__proto__ security

David Bruant bruant.d at gmail.com
Mon Feb 13 00:55:40 PST 2012

Le 12/02/2012 23:47, Brendan Eich a écrit :
> Oliver Hunt wrote:
>> On Feb 12, 2012, at 11:28 AM, Brendan Eich wrote:
>>> Heh, I knew that was coming. I'll amend to say "of long standing" 
>>> after "implementations" :-P.
>>> I still have a gut feeling that someone is going to take advantage 
>>> of the setter for bad purposes that will be harder to block than 
>>> would be the case if __proto__ reflected as a data property. But I 
>>> can't prove this.
>> I'm not sure about this
> Likewise, as noted -- I'm not sure but my gut is unhappy :-P
The case where you have to protect against someone who kept a reference 
to the setter is when you haven't deleted the property at the beginning 
(assuming you have a way to run first in the environment)
Within one "vat", if you forgot, you're screwed, but you know it is easy 
to fix (in your code, not necessarily the consequence on the attacked code).
An issue arise when other __proto__ setters pop up without you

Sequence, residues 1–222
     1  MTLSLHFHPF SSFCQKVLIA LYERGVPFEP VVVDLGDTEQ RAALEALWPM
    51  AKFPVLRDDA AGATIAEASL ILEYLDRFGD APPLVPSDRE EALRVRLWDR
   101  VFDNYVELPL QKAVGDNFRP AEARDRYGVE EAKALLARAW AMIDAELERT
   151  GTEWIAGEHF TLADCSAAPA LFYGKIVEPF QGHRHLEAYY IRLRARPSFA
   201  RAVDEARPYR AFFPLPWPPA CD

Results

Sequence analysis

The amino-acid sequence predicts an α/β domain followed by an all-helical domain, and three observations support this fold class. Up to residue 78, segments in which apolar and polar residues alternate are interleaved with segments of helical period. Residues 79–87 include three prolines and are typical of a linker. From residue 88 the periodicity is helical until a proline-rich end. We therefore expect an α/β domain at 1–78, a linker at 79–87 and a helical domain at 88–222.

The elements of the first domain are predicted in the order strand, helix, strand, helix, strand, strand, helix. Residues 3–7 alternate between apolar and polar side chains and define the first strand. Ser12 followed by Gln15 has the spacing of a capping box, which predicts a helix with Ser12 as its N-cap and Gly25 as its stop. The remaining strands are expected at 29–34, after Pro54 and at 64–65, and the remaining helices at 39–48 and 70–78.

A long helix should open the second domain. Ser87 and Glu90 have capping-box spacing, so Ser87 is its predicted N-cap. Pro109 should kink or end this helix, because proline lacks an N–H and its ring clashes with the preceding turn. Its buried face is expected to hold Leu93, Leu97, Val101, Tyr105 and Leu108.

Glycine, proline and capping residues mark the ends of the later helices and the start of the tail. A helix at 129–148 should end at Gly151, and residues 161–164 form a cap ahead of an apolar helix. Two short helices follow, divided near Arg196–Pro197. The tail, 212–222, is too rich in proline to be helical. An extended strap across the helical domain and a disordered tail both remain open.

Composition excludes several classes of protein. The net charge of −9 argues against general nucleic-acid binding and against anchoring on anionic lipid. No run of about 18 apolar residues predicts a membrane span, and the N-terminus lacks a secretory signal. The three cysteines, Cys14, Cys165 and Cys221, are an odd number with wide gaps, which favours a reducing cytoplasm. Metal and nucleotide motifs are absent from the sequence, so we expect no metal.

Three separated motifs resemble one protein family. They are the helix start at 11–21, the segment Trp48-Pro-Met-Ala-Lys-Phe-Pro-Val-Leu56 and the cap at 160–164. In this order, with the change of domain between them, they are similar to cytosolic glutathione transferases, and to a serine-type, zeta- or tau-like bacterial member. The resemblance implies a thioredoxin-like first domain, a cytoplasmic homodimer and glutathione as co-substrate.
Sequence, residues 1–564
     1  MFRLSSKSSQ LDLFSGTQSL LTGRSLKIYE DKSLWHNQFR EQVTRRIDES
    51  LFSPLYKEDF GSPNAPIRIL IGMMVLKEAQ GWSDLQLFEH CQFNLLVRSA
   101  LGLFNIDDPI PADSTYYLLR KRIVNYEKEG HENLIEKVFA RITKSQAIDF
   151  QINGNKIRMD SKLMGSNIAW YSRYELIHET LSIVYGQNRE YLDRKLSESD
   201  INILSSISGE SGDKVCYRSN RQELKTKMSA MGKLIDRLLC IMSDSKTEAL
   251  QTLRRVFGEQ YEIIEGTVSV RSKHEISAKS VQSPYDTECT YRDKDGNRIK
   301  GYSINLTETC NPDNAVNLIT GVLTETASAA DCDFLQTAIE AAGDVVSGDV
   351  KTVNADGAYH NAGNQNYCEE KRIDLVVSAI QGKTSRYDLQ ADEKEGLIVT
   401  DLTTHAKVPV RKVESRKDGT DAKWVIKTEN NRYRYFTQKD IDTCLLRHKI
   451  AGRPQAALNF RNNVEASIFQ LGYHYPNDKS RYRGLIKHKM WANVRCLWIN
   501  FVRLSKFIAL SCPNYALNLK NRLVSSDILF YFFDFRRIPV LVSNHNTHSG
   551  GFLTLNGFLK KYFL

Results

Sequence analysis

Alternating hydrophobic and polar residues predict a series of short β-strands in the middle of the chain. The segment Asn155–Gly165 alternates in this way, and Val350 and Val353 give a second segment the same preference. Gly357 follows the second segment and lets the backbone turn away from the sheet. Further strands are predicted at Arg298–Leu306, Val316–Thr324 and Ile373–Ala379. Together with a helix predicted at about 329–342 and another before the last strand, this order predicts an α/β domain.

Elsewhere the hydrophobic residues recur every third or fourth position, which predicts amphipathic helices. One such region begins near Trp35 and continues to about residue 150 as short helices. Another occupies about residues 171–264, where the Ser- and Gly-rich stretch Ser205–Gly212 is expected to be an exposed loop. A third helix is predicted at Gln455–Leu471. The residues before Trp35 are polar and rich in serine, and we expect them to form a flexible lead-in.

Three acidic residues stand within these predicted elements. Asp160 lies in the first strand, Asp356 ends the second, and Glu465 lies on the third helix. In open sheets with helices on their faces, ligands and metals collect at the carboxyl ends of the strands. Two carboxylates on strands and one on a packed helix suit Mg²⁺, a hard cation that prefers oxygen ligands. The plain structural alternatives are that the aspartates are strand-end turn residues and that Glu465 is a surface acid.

necessarily knowing. And as far as I know, the only way it can happen is 
when there are several frames within the same vat. So the cross-frame 
check (or the stricter version based on Object.prototype) takes care of it.

But first thing, just delete Object.prototype.__proto__ anytime you 
don't need it. Knowing this makes my guts feel far better than with the 
current situation where, in Firefox, for instance, it is not possible to 
get rid of Object.prototype.__proto__:

var o = {a:1}, o2 = {a:2};

var o3 = {b:3};
o3.__proto__ = o;
console.log(o3.a); // 1
delete Object.prototype.__proto__
o3.__proto__ = o2;

console.log(o3.a); // should be 1 if __proto__ was deletable, but is 
currently 2 in Firefox Web Console

>>    If you pull the setter function off of the prototype you can still 
>> only apply it to objects you could already access.
> The concern (no trolling here) is at least about attack surface. If 
> there's no setter that can be extracted, there's no need for the 
> "frame check" (however phrased). Adding that check adds more machinery 
> to get wrong or have interact in unexpected ways with other moving parts.
I'm not sure what you've described is directly a concern of attack 
surface. I think it's rather a concern of "potential bugs surface" 
(which can indirectly lead to security issues) and I agree that it's a 
valid concern. However, the version where the check is based on the 
Object.prototype identity sounds it could be written quite safely in a 
couple of lines of JS, no ?


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